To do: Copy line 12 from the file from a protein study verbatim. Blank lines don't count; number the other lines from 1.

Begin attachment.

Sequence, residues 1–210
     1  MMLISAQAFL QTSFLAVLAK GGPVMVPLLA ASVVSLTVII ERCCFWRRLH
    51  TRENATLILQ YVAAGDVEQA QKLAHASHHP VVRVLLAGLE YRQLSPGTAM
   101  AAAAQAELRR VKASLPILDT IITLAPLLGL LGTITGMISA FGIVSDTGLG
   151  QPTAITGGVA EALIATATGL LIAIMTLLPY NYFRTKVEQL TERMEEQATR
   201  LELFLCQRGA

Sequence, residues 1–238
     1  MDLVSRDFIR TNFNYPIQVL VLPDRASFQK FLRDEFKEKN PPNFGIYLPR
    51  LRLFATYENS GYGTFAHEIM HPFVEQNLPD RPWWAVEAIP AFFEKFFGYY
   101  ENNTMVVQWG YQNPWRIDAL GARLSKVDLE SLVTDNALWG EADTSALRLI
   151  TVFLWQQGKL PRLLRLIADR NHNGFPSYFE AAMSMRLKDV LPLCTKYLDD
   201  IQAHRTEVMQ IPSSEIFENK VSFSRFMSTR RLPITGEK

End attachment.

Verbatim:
   201  IQAHRTEVMQ IPSSEIFENK VSFSRFMSTR RLPITGEK